29 July 2011

The Pox

When I was an intern, a family from Ireland who had given birth prematurely and were readying themselves to go home with their now fat and happy new baby, asked why we give the Hepatitis B shot at birth. It's a good question, since if a mother is not infected with the virus there is no harm in waiting to vaccinate the infant during the routine 2 month shots. But some women will catch Hepatitis B during pregnancy and after their screening labs were done. For these infants, the chance of chronic liver disease from the infection is 90%, which brings with it the danger of liver cancer and death, a horrible future for an infant who could have been entirely healthy. So the default in the U.S is to immunize.

In Ireland, they wait until 2 months of age for the first Hepatitis B vaccine, but at birth infants receive immunization against tuberculosis in the form of the BCG vaccine. This vaccine isn't used at all in the U.S., since the rates of tuberculosis are currently so low that the monetary costs of universal vaccination are not thought to be worth while.

There are several other differences as well. Infants in Ireland are routinely immunized (or immunised) against bacterial meningitis during infancy, a measure currently being debated here in the U.S. Hopefully we will follow suit since, having seen pus drain directly from a spinal needle placed in an infant's back, I can tell you that bacterial meningitis is absolutely not something you want your brand new babe to get.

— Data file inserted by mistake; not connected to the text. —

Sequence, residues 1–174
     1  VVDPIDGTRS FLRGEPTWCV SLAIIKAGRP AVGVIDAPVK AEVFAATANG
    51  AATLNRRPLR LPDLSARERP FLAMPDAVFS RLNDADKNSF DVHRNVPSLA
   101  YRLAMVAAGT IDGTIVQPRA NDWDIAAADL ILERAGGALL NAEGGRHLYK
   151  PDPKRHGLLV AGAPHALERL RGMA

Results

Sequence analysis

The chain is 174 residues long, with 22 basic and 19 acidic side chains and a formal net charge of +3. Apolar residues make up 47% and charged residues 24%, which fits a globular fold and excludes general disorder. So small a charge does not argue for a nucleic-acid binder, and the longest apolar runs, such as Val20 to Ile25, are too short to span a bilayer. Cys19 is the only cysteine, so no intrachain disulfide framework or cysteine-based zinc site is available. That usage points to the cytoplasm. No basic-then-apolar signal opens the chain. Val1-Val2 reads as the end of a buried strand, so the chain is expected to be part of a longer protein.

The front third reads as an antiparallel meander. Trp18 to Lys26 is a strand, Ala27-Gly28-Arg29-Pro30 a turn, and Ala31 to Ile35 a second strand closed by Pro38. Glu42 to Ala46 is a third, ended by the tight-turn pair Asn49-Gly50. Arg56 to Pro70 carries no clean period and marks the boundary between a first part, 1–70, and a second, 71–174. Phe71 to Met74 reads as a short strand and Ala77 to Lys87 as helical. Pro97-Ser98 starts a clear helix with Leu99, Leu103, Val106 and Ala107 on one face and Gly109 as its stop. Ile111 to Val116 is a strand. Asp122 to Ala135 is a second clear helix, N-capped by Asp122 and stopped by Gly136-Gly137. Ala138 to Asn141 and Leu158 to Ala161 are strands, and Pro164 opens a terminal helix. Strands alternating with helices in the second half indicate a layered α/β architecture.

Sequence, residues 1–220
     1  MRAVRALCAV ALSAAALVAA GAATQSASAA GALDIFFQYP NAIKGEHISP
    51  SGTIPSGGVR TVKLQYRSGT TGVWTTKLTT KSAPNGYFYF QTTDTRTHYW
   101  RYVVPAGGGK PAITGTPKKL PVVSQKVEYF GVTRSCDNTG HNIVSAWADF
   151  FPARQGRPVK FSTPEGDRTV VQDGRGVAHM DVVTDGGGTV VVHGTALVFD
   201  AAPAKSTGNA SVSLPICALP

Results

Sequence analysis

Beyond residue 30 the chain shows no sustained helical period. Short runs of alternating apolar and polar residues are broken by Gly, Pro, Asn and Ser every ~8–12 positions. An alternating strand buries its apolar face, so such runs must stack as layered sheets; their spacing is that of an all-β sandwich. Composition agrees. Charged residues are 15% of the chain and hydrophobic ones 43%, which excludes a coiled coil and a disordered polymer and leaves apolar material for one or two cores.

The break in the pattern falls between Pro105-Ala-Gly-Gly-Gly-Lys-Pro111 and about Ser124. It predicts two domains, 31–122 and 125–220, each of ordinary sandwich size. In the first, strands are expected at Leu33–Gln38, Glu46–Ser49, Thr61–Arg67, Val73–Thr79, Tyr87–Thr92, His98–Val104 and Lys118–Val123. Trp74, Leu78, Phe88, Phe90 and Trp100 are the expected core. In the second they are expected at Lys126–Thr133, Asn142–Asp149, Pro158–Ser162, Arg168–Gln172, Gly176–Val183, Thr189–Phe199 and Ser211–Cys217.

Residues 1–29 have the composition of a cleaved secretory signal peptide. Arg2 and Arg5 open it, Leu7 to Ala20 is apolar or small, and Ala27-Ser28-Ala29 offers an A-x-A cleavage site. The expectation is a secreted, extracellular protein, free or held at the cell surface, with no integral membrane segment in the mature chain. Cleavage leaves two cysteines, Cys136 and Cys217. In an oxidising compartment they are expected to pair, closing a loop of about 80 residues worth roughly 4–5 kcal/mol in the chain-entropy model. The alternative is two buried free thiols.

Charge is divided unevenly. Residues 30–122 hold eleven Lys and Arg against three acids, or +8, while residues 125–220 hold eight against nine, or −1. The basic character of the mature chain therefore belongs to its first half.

But what about chickenpox? We vaccinate here against varicella but they don't necessarily do so in Ireland. Years ago my husband found himself embroiled in an online debate on the benefits of vaccines. Routine vaccination against chickenpox was only just beginning and there was, of course, objection to the addition of one more jab to the early childhood immunization schedule. Those opposed to vaccination protested that only about a hundred people die from chickenpox every year of the 4 million who contract the disease in the U.S.

My husband was agast. Surely, he protested, if two school buses filled with children were driven off the edge of a ravine and one hundred young and healthy kids losts their lives needlessly, you would think this was a tragedy. How is it different if they instead die horribly painful deaths in the hospital after their organs shut down from infection? And isn't it, in fact, worse to have a tool that could have saved them and decide not to use it?

But we are using it. Children are getting the vaccine and, as a result, the number of chickenpox cases ws down to 400,000 in 2005. More importantly, deaths in children and adolescents from chickenpox are down 97% here in the U.S. Canada and Australia have begun to adopt the vaccine. Perhaps soon Ireland will follow.

In the meantime, for those parents trying to avoid vaccination and considering the "chickenpox party" as a way to get your kids exposed early, good luck. I'll keep my fingers crossed that none of the kids at your party end up driving into the ravine.

1 comment:

  1. I find it difficult to understand how, when studies like this exist, anti-vax folks can argue that there is no proof that vaccines reduce infection rates. I suppose it is just one of many signs pointing to their illogical neuroses.

    Also, infection rates and deaths aside, I would be curious to see a comparison of the decrease in hospitalization costs due to the lack of children with severe varicella infections versus the cost of the vaccine. Even if vaccines cost more, we are saving 100s of children's lives -- so that has got to be worth something.